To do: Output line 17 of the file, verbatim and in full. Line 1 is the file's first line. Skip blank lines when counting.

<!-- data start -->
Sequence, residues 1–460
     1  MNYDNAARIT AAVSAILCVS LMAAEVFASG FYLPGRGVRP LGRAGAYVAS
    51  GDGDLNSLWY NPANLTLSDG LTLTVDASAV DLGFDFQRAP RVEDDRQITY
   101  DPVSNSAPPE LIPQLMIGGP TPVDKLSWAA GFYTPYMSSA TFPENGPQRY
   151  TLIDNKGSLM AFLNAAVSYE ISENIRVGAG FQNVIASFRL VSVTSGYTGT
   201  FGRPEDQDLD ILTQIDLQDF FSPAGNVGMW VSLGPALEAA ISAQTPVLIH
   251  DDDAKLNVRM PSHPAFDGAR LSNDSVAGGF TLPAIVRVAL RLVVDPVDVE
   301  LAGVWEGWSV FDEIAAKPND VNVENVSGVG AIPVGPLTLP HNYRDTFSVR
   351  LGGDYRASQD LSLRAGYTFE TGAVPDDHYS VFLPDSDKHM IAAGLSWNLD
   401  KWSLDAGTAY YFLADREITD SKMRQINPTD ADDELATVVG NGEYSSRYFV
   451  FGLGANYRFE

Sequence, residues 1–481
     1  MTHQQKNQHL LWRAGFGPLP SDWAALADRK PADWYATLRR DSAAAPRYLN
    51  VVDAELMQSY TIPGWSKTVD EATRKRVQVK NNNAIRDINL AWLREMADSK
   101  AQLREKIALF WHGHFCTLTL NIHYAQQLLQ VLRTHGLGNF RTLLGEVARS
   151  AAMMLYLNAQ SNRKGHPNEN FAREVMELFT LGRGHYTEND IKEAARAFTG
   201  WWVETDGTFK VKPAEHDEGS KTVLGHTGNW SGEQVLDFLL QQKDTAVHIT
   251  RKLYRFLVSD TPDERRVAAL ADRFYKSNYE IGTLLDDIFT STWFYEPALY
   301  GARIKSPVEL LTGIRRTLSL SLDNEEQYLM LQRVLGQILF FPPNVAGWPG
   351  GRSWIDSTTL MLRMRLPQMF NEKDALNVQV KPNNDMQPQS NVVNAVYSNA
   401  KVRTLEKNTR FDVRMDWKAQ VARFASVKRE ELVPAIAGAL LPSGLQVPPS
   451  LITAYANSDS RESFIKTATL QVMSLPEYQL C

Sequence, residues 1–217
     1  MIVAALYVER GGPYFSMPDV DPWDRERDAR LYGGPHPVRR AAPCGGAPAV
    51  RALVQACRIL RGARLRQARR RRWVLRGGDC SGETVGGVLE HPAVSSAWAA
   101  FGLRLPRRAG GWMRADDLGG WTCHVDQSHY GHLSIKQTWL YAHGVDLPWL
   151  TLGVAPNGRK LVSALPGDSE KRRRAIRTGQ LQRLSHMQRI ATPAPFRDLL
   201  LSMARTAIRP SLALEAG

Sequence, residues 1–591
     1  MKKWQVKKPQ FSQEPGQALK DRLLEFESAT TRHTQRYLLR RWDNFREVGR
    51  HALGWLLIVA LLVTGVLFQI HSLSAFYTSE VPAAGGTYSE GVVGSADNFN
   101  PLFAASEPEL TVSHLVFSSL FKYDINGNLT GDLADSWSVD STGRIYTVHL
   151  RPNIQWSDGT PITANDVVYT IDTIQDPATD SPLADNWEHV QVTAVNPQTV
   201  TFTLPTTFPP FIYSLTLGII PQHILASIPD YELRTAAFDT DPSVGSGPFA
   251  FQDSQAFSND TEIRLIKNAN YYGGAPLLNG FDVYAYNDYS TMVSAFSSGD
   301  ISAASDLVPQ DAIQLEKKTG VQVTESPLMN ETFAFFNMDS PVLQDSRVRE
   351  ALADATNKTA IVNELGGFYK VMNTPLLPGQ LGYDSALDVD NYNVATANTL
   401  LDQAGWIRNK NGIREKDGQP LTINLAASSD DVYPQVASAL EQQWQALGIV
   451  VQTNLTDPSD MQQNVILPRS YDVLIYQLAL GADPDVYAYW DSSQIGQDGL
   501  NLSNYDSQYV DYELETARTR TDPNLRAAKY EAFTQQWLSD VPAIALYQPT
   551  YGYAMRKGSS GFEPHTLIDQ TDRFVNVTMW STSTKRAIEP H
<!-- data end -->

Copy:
   201  WWVETDGTFK VKPAEHDEGS KTVLGHTGNW SGEQVLDFLL QQKDTAVHIT